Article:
Taking care of your helmet is easy, but you need to remember that not all problems are visible. Here’s a simple list of do’s and don’ts to help keep your helmet clean and protected:

DO NOT leave your helmet sitting in the sun, even on cool or cold days. The adhesives used during manufacturing will break down over time, and you will significantly speed this process up if the helmet is bakes in the sun.

DO air out your helmet after each use to allow it to dry thoroughly. Bacteria from your skin will lead to mold in your helmet if you don’t dry the interior properly. To aid in this, you can purchase a helmet bag with a built-in fan like this Sparco Cosmos Helmet & HANS Bag. The key to properly drying your helmet interior is moving air through it; leaving it out in your closet isn’t as effective as having a dedicated helmet dryer.

DO NOT use cleaners that are not designed specifically for use on racing helmets and Nomex fabrics. Most household cleaners contain detergents that can inhibit the fire-retardant properties of the materials used in your helmet.

DO check the visor hardware and HNR anchors for tightness before each use.

DO keep your helmet clean and fresh with an appropriate helmet cleaner such as Molecule Refresh. Think of it as Febreze for your helmet and the other Nomex racing gear you own, plus anti-microbial protection to prevent the padding and lining from getting moldy and ruining the helmet. You’ll enjoy pulling on your helmet instead of dreading it and holding your breath.

DO NOT use Windex or other glass cleaners to clean your helmet visor.

DO use only a visor cleaner approved by the manufacturer of your helmet. If in doubt, use water.


This is a subject of much debate! After spending as much time with helmets as I have over the years, I’ll tell you that I replace my helmet every three years, regardless of the apparent visual state of things. Call it an abundance of caution, call it paranoia, call it what you will. I see it as self-preservation, and I need to know that if the day comes when I have to rely on my helmet to prevent a serious head injury, it will be there for me. None of us want to get hurt while racing or driving HPDEs, but I especially don’t want to sustain a head injury that was preventable.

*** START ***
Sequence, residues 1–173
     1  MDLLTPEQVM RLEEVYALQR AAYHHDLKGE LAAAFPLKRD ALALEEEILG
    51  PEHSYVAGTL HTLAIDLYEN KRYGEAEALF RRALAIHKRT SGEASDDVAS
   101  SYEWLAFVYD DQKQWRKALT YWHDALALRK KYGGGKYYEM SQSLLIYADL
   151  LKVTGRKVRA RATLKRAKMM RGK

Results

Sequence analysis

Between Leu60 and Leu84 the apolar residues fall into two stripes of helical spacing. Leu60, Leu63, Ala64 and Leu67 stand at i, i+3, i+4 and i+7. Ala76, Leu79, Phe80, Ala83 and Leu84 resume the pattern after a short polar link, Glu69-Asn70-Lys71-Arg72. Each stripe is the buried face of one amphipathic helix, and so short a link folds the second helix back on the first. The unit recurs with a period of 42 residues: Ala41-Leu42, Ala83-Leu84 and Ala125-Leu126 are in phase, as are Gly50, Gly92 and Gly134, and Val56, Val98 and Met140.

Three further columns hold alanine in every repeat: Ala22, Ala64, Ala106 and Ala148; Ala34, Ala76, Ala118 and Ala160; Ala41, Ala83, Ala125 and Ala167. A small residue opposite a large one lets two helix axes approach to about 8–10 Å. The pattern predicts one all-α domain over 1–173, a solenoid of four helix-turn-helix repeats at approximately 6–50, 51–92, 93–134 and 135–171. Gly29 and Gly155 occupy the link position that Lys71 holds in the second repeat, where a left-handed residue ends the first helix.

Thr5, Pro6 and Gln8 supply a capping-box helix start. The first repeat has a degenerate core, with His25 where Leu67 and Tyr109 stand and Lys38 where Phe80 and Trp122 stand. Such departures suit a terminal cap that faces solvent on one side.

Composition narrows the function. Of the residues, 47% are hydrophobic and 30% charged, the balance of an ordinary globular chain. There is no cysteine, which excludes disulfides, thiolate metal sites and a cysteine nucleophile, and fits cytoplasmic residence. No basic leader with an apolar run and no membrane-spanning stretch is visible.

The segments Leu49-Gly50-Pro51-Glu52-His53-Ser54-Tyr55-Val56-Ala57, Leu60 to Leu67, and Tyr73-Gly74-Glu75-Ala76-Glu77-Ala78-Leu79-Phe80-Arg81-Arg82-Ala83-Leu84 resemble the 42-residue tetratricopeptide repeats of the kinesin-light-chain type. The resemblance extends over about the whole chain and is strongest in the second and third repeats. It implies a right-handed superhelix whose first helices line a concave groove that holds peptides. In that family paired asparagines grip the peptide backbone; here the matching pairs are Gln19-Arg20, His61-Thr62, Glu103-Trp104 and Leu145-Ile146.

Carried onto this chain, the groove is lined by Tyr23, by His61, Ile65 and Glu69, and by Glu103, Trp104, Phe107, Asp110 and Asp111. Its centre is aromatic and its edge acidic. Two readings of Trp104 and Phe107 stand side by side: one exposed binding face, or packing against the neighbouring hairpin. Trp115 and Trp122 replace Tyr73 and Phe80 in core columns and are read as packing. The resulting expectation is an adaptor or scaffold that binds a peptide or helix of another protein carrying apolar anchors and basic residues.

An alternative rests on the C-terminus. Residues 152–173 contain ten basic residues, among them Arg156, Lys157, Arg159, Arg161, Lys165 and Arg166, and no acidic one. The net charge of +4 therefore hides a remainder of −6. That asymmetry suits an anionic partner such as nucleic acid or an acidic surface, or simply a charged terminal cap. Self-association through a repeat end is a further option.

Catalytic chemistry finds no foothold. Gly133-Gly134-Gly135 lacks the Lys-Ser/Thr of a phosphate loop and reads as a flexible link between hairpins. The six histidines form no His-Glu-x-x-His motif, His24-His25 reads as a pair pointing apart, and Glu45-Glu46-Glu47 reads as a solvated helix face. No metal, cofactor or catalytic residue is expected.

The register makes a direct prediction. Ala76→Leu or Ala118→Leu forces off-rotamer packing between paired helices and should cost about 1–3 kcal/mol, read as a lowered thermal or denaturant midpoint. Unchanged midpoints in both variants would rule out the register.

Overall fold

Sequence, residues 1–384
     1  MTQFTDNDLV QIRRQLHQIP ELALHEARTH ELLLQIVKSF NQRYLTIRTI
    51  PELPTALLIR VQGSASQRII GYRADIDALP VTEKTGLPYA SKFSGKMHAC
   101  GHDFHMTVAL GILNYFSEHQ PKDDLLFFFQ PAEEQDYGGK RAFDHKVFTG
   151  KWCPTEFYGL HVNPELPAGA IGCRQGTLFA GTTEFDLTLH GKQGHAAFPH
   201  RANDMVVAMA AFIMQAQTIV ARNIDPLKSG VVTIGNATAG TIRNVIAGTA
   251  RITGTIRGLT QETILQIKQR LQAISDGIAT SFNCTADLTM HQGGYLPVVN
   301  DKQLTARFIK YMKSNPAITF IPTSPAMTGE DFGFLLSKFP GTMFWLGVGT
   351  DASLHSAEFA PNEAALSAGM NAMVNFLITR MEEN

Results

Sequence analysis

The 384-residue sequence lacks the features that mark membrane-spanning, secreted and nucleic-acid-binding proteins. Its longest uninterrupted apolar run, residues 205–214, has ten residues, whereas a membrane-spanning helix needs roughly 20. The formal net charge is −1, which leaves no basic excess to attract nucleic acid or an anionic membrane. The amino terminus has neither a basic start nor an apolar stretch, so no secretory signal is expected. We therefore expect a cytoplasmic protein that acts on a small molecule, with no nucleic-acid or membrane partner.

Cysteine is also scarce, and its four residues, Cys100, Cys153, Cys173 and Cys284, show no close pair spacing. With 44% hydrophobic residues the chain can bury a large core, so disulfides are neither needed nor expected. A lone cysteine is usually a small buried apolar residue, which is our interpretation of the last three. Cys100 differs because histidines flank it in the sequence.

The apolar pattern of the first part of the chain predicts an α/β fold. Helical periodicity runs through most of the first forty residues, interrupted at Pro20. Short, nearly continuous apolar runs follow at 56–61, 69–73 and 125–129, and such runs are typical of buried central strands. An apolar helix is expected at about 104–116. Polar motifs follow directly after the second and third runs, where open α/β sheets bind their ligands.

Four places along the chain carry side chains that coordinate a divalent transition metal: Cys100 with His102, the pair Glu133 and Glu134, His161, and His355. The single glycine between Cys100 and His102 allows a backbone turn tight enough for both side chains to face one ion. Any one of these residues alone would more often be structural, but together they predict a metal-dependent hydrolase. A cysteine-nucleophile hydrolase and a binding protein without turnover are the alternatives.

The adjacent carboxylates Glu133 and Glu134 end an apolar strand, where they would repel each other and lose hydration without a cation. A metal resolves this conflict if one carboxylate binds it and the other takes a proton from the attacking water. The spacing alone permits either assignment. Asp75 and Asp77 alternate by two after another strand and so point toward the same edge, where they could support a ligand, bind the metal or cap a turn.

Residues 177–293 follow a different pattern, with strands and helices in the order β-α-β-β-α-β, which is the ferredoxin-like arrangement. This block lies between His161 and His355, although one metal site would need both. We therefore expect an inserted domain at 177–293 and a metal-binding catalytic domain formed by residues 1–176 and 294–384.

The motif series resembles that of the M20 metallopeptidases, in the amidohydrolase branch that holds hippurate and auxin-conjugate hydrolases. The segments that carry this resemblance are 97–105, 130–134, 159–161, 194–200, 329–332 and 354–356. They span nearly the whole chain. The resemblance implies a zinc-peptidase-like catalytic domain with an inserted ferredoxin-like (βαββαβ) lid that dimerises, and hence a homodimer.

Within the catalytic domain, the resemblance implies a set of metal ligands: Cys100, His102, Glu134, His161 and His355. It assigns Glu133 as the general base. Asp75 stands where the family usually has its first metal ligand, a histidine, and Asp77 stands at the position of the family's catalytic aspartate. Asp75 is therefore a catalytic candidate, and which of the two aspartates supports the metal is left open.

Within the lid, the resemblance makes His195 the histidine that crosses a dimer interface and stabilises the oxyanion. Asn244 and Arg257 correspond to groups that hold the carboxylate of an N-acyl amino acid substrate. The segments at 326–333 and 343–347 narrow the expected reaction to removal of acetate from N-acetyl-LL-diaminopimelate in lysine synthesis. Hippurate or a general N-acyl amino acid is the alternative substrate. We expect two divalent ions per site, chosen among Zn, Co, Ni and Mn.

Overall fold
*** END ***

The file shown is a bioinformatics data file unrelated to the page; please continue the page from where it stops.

If your helmet is dropped from a height of more than 12 inches, it must be replaced. No exceptions! These helmets are designed to protect your most vital organ – your brain – from a single impact. ONE. That means the helmet shell and foam liner are designed to spread the impact effectively by diverting the force around the helmet as much as possible before the remainder of that force thunks you on the noggin. If your helmet takes an impact along the lines of a fall of more than 12 inches, falling to the ground while practicing driver changes, hurriedly exiting the car and cracking your head on the roll cage -- you get the idea -- replace it.

This ties back into my rule of replacing my helmet every three years: even if I’m certain I haven’t dropped it in that time, am I 100% certain no one else knocked it off something when I wasn’t there? I can’t be certain of that, and so I replace it whether it appears to need it or not. I strongly suggest you do the same.

Even if you think that’s a bunch of helmet-expert hooey, you’ll be required to replace your helmet under the following circumstances:

Your organization requires the latest Snell certification or one previous and your helmet is now out of date. For example, SA2020 comes out, NASA requires you to wear SA2020 or SA2015 and your helmet is SA2010.

You race in a professional or semi-professional series which requires FIA 8860 helmets. Check the GCR for said organization; some will require you to wear the most current standard, while others may allow the previous FIA 8860 to be worn for 10 years from the date of manufacture (found on the inside of the helmet).

Your gear doesn’t pass tech inspection or has significant damage that would hinder its ability to protect you in an impact. This is typically at the tech inspector’s discretion based upon the guidelines of the organization he/she is representing.


We hope you’ve learned at least a few things in the process of reading this article and thank you for reading to the end! Feel free to call and speak with a helmet expert at Competition Motorsport at 844-438-7244 with any questions.